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To memorialize their salvation, survivors of the Warsaw Ghetto built a sewer

The Warsaw Ghetto Survivor’s Memorial is designed to look like a sewer — once the source of weapons, of food, of information for Jews stuck in the ghetto.

WARSAW — Experiencing the Holocaust in Warsaw is largely an act of imagination.

The Warsaw Ghetto, once home at its height to approximately 460,000 Jews from 1940 to 1943, was obliterated by the Nazis by fire after the Warsaw Ghetto Uprising.

Today, the area has been transformed into an idyllic downtown neighborhood. Amid the cheerful mundanity of people walking their dogs and taking out the trash, I found it hard to connect with the history of this site. 

Until I saw the Warsaw Ghetto Survivor’s Memorial. 

The Warsaw Ghetto Survivor’s Memorial was the first monument honoring the Warsaw Ghetto Uprising, and designed in 1946. Photo by Nora Berman

You may be familiar with the towering sculpture nearby, the far more famous Monument to the Ghetto Heroes adjacent to the Museum of the History of Polish Jews.

But this unassuming monument was commissioned by the central committee of Polish Jews in Lublin just months after the Warsaw Ghetto was liquidated — and built by Jews who had survived both the Warsaw Ghetto and the Holocaust itself. It was the very first monument in Poland to the Warsaw Ghetto and to the Holocaust, built by those who returned in 1946 to memorialize their suffering.

The memorial itself is designed to look like an opening to the sewer.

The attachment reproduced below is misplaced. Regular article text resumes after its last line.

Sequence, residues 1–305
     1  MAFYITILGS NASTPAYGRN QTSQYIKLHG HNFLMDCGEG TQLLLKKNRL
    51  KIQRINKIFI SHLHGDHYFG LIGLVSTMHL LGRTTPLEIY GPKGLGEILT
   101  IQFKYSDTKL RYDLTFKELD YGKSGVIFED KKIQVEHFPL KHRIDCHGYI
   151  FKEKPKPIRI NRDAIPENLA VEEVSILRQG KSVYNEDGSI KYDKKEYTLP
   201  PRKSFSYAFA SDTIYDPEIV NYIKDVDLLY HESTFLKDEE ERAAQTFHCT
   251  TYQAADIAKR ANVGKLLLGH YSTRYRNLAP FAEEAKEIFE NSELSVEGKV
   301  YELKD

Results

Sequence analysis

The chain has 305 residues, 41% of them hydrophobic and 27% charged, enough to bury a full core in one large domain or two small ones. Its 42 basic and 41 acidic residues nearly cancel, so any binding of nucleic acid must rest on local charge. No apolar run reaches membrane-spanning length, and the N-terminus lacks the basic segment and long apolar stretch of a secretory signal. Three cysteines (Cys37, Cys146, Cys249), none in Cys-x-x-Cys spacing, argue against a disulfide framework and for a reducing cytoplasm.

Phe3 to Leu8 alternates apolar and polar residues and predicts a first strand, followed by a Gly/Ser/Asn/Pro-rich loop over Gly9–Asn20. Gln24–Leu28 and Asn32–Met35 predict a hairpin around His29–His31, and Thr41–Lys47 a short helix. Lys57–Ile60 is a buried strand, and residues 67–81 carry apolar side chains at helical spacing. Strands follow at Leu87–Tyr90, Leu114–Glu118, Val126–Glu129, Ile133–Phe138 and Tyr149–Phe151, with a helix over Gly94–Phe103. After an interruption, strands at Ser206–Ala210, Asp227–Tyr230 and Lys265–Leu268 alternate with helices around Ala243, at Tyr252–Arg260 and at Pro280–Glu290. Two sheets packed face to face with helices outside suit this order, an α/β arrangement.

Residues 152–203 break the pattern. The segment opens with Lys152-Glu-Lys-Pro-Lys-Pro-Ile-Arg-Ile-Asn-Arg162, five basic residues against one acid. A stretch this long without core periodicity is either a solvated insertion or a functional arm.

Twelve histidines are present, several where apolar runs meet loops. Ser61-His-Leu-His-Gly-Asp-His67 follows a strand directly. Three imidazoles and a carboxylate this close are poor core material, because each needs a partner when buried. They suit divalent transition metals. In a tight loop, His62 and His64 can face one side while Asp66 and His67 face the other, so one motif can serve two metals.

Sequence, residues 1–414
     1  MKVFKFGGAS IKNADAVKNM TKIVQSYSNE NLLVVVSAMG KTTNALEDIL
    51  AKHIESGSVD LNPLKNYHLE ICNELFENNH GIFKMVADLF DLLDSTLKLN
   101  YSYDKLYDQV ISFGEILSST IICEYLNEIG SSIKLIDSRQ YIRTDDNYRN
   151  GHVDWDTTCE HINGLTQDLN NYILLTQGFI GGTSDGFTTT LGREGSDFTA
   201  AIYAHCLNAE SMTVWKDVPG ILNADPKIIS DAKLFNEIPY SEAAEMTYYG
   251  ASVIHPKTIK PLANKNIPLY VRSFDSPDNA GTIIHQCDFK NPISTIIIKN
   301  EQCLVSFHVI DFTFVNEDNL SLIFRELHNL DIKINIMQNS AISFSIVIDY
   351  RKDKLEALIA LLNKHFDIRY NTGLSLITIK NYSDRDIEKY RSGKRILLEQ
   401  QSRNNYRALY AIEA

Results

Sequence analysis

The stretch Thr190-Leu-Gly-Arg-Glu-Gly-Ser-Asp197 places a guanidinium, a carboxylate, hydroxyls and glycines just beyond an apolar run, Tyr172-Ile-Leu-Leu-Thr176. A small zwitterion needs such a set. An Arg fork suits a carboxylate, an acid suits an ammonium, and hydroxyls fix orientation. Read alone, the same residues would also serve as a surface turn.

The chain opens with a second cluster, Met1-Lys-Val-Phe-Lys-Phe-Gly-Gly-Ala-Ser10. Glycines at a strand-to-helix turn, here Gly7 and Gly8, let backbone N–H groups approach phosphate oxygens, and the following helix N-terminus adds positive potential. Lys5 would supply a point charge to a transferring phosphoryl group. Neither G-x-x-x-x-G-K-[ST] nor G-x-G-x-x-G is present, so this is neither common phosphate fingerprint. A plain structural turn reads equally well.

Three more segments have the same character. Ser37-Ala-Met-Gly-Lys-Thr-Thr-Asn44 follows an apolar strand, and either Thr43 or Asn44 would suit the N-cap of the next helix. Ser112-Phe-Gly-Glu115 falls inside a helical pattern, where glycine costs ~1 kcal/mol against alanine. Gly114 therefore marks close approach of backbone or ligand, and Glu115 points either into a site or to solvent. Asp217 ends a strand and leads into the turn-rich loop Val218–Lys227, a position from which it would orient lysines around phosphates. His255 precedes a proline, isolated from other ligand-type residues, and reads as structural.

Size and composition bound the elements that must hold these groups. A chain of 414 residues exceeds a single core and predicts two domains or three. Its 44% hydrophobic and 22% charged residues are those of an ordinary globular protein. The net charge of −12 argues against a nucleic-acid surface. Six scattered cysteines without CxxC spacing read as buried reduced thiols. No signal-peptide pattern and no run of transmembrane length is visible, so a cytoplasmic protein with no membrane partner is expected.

“The sewer,” our guide Dima explained, “was chosen as it brought forth life in the Ghetto. It was the source of weapons, of food, of information traveling back and forth between the Aryan and Jewish parts of the city.” 

Part of the Warsaw Ghetto Survivor’s Memorial is designed to look like a sewer cover — and today, is adorned with flowers. Photo by Nora Berman

The survivors chose to inscribe the memorial with the Hebrew letter “bet,” the first letter of the Torah. The base of this letter is thick, a solid foundation on which to build a new Jewish beginning. A small portion of the base — the “chupchik,” as our Israeli guide explained — is looking backward, rooted in the past and the memory of what the Jewish people have suffered. The rest of the base and the curved shape springing out of it, are open and facing forward – forward toward the future, and open to all.

The design is powerful in its simplicity: “It’s something real,” a participant shared with me afterward. “This design is what they chose.” 

Those in the delegation who had earlier scoffed at the idea of Jewish life in Poland post-WWII were largely silent. They expressed far greater interest in — and offered possible interpretations to — the larger, more famous “Monument to the Ghetto Heroes” nearby, a looming work that depicts Jews beaten down, broken and barefoot, trudging to their deaths with anonymous soldiers at their backs. 

Jewish death is impossible to extricate from the history of Jews in Poland. Yet there were centuries of vibrant Jewish artists and merchants and scholars and rabbis who made their lives here. 

The Monument to the Ghetto Heroes embodies a desire to remember that Jewish life while simultaneously remembering those who fell defending it. 

This may not satisfy the anger of my fellow participants, but for me, this monument instantly connected me to the experience of the Jews who lived in the Warsaw Ghetto.



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